School taking action in response to coronavirus

Administration, health professionals postpone athletics, prepare for possible school closure

Senior+Collin+Ritchie+uses+hand+sanitizer+outside+the+Spark+Studio+before+lunch.+SAGE%2C+the+school%27s+catering+service+provider%2C+increased+hand+sanitizer+availability+in+the+cafeteria.

Nik Chupkin | The Roundtable

Senior Collin Ritchie uses hand sanitizer outside the Spark Studio before lunch. SAGE, the school's catering service provider, increased hand sanitizer availability in the cafeteria.

By Nik Chupkin, Web Editor

As COVID-19 becomes a pandemic, Convent & Stuart Hall administrators and health professionals are taking action to reduce its spread and attempt to keep the community safe by following recommendations from the San Francisco Department of Public Health.

School officials have postponed athletics through March 22.

“Given the current situation, I think we are being cautious and proactive,” Dana Kuwahara, Head of Athletics and Physical Education, said. “We should take the health recommendations seriously to protect ourselves and our community.”

With athletics postponed, student athletes are encouraged to continue their training outside of school practices.

“The performance lab will be open for business between 11 a.m. and 3:30 p.m. every day, so just come in whenever you can,” Barclay Spring, athletics, strength and conditioning coach, said.

Spring sent his first email to all students with video tutorials of workouts they can do at home, and will continue to send videos for the duration of the athletics suspension.

“Keep it simple, run stairs, run hills, do push-ups, do pull-ups, jump rope, do walking lunges, do air squats,” Spring said. “Just make sure you’re doing something.”

The symptoms are similar to a cold or flu, but most people in our community are not at risk of having this virus be a lethal case for them.”

— Justine Li

Symptoms of COVID-19 include fever, cough, and shortness of breath, and usually appear after an incubation period of two to 14 days, according to the Center for Disease Control and Prevention.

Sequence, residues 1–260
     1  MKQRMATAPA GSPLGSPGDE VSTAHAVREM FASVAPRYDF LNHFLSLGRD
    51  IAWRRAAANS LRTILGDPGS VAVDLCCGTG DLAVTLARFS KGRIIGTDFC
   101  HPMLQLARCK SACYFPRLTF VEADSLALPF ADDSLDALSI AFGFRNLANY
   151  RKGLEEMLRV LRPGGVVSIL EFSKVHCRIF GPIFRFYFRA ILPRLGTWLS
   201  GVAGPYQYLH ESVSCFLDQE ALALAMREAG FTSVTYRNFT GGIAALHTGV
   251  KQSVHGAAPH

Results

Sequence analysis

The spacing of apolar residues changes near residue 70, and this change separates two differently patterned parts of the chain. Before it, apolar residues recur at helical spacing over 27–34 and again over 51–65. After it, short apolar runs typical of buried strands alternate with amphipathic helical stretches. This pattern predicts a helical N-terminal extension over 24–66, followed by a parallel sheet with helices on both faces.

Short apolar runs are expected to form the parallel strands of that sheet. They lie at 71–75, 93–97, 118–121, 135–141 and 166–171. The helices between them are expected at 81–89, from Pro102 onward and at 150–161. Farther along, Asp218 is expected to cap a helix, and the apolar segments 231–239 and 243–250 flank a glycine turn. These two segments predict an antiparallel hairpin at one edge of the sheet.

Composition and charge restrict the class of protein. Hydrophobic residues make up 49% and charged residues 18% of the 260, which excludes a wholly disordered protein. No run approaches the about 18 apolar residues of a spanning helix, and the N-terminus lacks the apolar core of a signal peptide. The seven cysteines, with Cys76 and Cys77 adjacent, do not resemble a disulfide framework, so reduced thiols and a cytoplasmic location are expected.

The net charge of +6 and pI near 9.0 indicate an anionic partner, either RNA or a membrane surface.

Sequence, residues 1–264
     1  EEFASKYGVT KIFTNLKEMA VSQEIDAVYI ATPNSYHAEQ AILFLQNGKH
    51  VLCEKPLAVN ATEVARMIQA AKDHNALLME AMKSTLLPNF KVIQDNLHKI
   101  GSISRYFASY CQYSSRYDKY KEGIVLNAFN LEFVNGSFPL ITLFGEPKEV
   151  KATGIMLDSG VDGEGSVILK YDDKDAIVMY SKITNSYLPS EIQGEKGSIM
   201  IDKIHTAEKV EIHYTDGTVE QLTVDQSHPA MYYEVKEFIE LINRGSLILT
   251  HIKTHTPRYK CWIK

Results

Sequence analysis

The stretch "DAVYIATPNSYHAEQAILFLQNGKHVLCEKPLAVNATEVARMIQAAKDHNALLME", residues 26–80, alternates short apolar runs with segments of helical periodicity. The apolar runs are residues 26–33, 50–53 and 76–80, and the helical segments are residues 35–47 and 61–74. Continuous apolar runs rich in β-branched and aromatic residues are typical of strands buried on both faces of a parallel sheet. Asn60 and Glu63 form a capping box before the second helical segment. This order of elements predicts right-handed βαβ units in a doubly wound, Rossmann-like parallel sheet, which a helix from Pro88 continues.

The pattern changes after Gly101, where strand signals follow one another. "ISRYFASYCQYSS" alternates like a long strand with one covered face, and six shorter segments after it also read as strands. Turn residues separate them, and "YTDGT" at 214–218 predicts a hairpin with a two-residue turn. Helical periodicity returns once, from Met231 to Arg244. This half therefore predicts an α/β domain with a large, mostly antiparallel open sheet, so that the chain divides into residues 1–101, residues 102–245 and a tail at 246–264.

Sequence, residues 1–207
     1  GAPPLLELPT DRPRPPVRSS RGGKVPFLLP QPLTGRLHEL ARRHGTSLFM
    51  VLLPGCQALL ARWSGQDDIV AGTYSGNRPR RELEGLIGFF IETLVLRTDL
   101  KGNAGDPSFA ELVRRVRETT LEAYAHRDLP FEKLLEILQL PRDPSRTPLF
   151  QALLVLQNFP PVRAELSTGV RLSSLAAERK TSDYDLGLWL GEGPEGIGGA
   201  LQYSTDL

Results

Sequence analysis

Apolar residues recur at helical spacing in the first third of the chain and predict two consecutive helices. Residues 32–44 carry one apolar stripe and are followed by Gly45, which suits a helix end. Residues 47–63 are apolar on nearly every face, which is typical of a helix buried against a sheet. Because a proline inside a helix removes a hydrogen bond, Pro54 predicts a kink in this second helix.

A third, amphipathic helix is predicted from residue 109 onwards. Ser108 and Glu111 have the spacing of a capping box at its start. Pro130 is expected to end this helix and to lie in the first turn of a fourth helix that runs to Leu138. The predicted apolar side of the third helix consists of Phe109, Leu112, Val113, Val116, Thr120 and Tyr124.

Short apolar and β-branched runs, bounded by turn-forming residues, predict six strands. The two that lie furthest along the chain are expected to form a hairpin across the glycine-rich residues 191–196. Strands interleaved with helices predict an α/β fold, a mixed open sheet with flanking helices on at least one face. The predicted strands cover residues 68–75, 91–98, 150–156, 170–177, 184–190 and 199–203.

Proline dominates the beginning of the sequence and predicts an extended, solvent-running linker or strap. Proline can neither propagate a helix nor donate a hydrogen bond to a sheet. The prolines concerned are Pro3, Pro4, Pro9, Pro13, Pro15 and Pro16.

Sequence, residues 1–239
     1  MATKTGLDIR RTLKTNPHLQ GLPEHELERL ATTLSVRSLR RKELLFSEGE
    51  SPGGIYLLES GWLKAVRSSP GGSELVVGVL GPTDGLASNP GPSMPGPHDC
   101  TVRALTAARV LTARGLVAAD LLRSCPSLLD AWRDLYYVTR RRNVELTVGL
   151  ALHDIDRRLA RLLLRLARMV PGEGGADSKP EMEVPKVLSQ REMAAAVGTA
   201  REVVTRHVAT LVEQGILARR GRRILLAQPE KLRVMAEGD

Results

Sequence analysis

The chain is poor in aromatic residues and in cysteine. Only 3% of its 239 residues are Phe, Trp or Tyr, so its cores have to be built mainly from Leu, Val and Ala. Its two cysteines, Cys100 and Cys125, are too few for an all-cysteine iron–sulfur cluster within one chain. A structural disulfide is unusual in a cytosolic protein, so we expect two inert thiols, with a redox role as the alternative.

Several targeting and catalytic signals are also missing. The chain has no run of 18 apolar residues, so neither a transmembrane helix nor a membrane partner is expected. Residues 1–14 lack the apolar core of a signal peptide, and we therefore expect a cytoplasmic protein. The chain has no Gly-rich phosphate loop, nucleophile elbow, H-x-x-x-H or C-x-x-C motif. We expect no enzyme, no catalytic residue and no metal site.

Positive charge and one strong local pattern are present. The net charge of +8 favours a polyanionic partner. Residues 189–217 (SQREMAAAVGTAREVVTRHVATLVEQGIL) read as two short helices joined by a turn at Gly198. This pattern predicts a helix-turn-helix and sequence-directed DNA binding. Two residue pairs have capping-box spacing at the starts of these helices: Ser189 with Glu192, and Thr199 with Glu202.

“We all should be very cautious,” campus health professional Justine Li said. “The symptoms are similar to a cold or flu, but most people in our community are not at risk of having this virus be a lethal case for them.”

As we continue to monitor developments in the transmission of the COVID-19 virus, in addition to intensive cleaning of our building every night, we have added cleanings throughout the day in high-density areas.”

— Ann Marie Krejcarek

Li recommends students and faculty work on boosting and protecting their immune systems to better defend against COVID-19.

“It’s highly recommended that you’re getting adequate sleep and you have an adequate intake of vitamin C and vitamin D,” Li said. “Reduce the amount of infectious material you are exposed to, means staying away from people who have traveled to concerning areas and avoiding people who are ill.”

Li also stresses the importance of washing hands frequently and using hand sanitizer when hand washing is not available.

“Cover your entire hand [with soap], the forearm, if possible, and get the back of your hands and your nails as well,” Li said. “Also avoid touching commonly touched things such as phones, doorknobs, the tongs in our cafeteria, and then touching your face and eyes.”

School officials say that COVID-19 is a priority concern.

“As a school leader, your number one concern is always the safety and well-being of your student body and your faculty and staff,” Head of School Rachel Simpson said. 

SAGE, the school’s catering service, is sanitizing the entire buffet twice a day and changing all serving utensils every 15 minutes.

As we continue to monitor developments in the transmission of the COVID-19 virus, in addition to intensive cleaning of our building every night, we have added cleanings throughout the day in high-density areas,” President Ann Marie Krejcarek wrote in a Thursday Notes Update.

Although administrators are preparing an electronic learning contingency in case they need to quarantine the school, the goal is to stay open.

“Our main concern is to remain open,” Simpson said. We’re developing contingencies if we need to close, with an effort to focus on our essential function during the school day.”

More information about COVID-19 and health recommendations can be found on the CDC’s website.

“If you do get sick, it’s recommended that you self-quarantine or visit the hospital or your physician,” Li said. “This is coming from a lot of qualified individuals, including physicians and public health officials who are making these types of recommendations. 

Sartaj Rajpal contributed to this article